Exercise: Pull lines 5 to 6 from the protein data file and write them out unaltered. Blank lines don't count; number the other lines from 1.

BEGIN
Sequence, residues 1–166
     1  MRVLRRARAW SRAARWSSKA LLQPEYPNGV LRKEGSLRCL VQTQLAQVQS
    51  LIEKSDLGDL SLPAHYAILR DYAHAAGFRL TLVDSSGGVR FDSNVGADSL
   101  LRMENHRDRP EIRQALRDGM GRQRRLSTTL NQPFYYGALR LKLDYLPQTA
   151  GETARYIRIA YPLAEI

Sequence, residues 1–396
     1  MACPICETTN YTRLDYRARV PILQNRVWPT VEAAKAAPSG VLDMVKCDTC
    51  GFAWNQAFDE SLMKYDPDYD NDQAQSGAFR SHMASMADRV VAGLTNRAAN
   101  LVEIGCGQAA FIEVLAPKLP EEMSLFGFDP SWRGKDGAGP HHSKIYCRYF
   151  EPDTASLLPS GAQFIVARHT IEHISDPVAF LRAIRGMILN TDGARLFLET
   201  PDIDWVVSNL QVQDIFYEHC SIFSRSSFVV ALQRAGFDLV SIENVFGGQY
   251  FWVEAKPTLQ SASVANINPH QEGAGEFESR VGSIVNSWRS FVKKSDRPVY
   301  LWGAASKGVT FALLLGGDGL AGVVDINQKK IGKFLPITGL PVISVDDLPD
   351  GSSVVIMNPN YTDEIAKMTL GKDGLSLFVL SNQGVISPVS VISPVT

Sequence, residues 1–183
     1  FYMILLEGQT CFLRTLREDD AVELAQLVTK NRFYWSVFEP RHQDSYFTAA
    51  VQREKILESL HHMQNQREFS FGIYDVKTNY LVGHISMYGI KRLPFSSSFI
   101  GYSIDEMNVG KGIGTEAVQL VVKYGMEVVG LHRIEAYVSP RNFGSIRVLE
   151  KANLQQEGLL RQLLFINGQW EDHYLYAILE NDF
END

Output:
   151  GETARYIRIA YPLAEI

Sequence, residues 1–396